Drop in drivers using mobile phones behind the wheel

mobile phone when drivingThe dangers of driver distraction are well documented and the consequences of using a mobile phone behind the wheel can be catastrophic. In March the government decided to tackle the problem head-on with new legislation and tougher penalties. Drivers caught using a handheld device will be given six penalty points and fined £200, and initial reports indicate the clampdown is changing motorists’ behaviour.

A leading motoring organisation has been digging through the official figures and discovered that the number of drivers stopped for using mobiles dropped by 10% in the three months after the changes. Put another way that’s 1,700 fewer drivers stopped for illegal mobile phone use. It’s an encouraging start, but alarmingly there were still 14,160 motorists caught breaking the law.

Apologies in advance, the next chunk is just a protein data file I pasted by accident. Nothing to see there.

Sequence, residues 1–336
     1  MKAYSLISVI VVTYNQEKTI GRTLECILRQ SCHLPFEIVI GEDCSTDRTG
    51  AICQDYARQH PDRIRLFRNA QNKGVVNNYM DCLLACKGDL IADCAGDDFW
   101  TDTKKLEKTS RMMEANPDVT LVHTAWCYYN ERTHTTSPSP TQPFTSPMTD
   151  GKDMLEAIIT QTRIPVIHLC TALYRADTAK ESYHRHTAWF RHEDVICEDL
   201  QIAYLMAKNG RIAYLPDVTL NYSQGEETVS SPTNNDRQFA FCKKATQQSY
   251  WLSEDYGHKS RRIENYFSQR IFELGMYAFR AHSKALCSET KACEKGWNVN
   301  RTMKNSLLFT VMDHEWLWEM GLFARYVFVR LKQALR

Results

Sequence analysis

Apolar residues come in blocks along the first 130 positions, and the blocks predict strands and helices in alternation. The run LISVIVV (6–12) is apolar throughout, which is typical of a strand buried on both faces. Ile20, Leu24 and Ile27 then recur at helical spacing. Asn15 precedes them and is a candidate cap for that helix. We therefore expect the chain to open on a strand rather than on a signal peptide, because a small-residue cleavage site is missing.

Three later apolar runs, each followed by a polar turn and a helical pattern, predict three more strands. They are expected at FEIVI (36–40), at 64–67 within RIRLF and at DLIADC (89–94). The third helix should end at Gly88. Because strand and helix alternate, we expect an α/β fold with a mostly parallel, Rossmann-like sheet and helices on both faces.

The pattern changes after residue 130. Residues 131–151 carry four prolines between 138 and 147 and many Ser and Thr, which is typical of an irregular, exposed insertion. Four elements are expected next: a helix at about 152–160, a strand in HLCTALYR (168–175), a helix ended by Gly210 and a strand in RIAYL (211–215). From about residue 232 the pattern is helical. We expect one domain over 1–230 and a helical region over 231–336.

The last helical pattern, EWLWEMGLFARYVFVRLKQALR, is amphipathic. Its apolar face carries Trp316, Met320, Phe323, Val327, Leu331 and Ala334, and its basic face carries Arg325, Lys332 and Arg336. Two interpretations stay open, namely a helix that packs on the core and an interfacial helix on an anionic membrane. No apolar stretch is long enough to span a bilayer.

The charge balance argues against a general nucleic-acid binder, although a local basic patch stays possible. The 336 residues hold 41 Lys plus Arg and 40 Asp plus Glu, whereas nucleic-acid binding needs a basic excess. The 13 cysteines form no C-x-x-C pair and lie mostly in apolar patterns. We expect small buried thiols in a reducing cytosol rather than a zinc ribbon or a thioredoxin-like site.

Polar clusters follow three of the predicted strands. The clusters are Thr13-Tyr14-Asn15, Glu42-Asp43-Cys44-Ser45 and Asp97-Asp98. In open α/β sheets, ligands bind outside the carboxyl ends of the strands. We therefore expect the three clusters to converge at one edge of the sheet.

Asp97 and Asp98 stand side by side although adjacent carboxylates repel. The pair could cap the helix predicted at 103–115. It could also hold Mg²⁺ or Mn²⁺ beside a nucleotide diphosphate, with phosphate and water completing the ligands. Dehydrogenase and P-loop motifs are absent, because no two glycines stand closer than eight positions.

The statistics weren’t spread evenly across the country, and while some police forces reported significant drops (City of London fell by 67%), others reported increases (Kent rose by 42%). Some commentators have pointed-out that the number of drivers caught using mobiles behind the wheel doesn’t necessarily reflect the scale of the problem (especially when police budgets are being squeezed) but the findings do paint an encouraging picture nationwide.

Traffic police numbers have dropped by nearly a third in the past decade and the new penalties should be a ‘wake-up-call’ for motorists who think they won’t get caught. The findings suggest the measures are moving things in the right direction, but there’s still a long way to go. A recent report by the RAC revealed that 23% of drivers admitted to using a handheld mobile in the past year which adds-up to over nine million motorists.

Most drivers don’t need reminding of the dangers of using a mobile behind the wheel (if your eyes are on the screen; they aren’t on the road), but the statistics are still surprising.  According to Department for Transport figures motorists are four times more likely to have a crash when using a phone. Reaction times are slower, offenders tend to tailgate, and overall driving is more erratic.

One of the most sobering statistics is that reaction times are twice as slow for ‘texting and driving’ compared with ‘drinking and driving’, and it’s about time they both carried the same social stigma.

 

 


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